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Crude oil price pressure to resume after brief tightness gives way to oversupply

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Crude oil price pressure to resume after brief tightness gives way to oversupply

OPEC production cuts aside, Jefferies analysts expect the crude oil market to become oversupplied and see downside pressure for prices into 2020.

Russia, Saudi Arabia and the United States comprise about 40% of total liquids production globally, making the three countries the dominant players in the global oil market, the International Energy Agency said in its recent monthly oil market report.

"Cooperation between Russia and Saudi Arabia is now the basis of production management with these two countries having a large capacity to swing output one way or the other," the IEA said.

At a Dec. 7 meeting, OPEC members agreed to cut 800,000 barrels per day from October levels beginning in January, and non-OPEC members said they would cut an additional 400,000 barrels per day.

Considering the market was oversupplied by an estimated 1 million barrels per day in November, Jefferies analyst Jason Gammel said Dec. 13 that he expects a slightly tighter first half of 2019 due to the 1.2 MMbbl/d of production cuts. Gammel expects the market to be undersupplied by 800,000 barrels per day in the first half of 2019 if OPEC adheres to its production targets.

The combination of OPEC-plus cuts, curtailments in Canadian production and further sanctions-related declines in Iranian exports should be sufficient to drive Organization for Economic Cooperation and Development inventories back below the trailing five-year average and could result in a tight market in early 2019, Gammel said.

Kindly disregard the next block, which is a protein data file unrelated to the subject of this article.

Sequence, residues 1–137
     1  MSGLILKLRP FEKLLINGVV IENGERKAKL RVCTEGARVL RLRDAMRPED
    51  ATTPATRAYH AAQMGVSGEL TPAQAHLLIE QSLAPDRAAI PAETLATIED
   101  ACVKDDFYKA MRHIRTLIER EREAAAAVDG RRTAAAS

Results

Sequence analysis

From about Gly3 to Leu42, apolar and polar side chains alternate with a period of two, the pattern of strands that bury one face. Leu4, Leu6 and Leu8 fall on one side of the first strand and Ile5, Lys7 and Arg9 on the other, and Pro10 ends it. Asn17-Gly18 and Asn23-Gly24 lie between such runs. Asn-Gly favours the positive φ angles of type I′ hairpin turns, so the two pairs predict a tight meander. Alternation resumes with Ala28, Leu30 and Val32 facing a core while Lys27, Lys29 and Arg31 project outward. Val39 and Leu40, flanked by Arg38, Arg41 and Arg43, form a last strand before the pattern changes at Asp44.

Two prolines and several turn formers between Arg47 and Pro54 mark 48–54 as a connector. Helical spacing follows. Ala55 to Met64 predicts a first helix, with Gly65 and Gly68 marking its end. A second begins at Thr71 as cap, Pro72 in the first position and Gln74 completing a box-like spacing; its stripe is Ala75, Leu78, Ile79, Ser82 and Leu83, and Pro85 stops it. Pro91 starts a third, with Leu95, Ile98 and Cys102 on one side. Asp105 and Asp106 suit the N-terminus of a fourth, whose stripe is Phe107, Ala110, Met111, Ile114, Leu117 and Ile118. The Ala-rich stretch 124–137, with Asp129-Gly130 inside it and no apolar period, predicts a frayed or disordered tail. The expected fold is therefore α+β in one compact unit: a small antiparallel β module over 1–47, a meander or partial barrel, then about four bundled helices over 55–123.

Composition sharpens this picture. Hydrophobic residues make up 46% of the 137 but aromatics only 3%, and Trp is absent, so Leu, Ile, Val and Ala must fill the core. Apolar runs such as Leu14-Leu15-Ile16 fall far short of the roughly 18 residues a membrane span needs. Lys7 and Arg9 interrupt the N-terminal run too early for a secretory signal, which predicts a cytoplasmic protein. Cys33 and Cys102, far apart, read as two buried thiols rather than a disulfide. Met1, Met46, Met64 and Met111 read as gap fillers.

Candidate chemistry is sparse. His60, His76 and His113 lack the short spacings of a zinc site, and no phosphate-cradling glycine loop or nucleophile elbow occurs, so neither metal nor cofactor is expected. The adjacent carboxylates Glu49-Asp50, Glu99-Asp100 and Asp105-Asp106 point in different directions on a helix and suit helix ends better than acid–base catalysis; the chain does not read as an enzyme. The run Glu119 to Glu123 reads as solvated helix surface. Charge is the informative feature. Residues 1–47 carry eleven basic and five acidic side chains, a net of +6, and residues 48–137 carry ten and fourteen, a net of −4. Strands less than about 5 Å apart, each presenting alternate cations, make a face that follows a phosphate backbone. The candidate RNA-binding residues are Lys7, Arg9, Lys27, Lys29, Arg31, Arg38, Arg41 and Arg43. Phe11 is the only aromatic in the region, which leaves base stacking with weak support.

Crude oil futures rallied in Dec. 13 trade on the New York Mercantile Exchange, closing the session with a $1.43/bbl gain at $52.58/bbl.

"Maybe, just maybe, with near record demand in the U.S. and China, and OPEC's 800,000 barrel a day production cut, along with 400,000 barrels from Russia, 325,000 barrels from Canada and a force majeure on exports from the 315,000-barrels-per-day oilfield in Libya, perhaps they are starting to figure out that the market globally will soon be undersupplied," PRICE Futures Group analyst Phil Flynn said Dec. 14.

But crude oil futures turned to the downside Dec. 14, closing the session down $1.38/bbl at $51.20/bbl, and extended the retreat in the fresh workweek, closing the Dec. 17 session below $50.00/bbl to a 14-month low of $49.98/bbl.

From an oil consumption standpoint, the U.S. welcomes lower prices, but additional price reductions put Russia and Saudi Arabia's budgets under great stress, the IEA said. Further, with the U.S. now the world's biggest crude oil producer, and where production is managed at corporate levels, decisions to produce or not to produce will be economically driven, according to the agency.

"Producers will want to see [crude oil prices] stay high enough to encourage further investment," the IEA said.

While the IEA said time will tell how effective the new production agreement will be in rebalancing the oil market, Gammel said that as incremental pipeline capacity is installed in the Permian Basin in the second half of 2019, U.S. production growth will almost inevitably reaccelerate, and the market could move back into oversupply by early 2020.

As U.S. production grows, net imports that have fallen from an average of 11.1 MMbbl/d in 2008 to an average of 3.1 MMbbl/d in 2018 will continue to decline. U.S. oil will compete in many markets, including some now dominated by OPEC members.

Gammel said the call on OPEC will fall to 31 MMbbl/d by the first quarter of 2020, versus October 2018 OPEC production of 32.3 MMbbl/d. In other words, by 2020, the Saudis would need to reduce their production to 9.2 MMbbl/d day to keep the market in balance.

Prompted by the expectations, Jefferies cut its 2019 Brent price forecast to $65.75/bbl from $75.00/bbl and trimmed its 2020 price to $62.75/bbl from $70.00/bbl.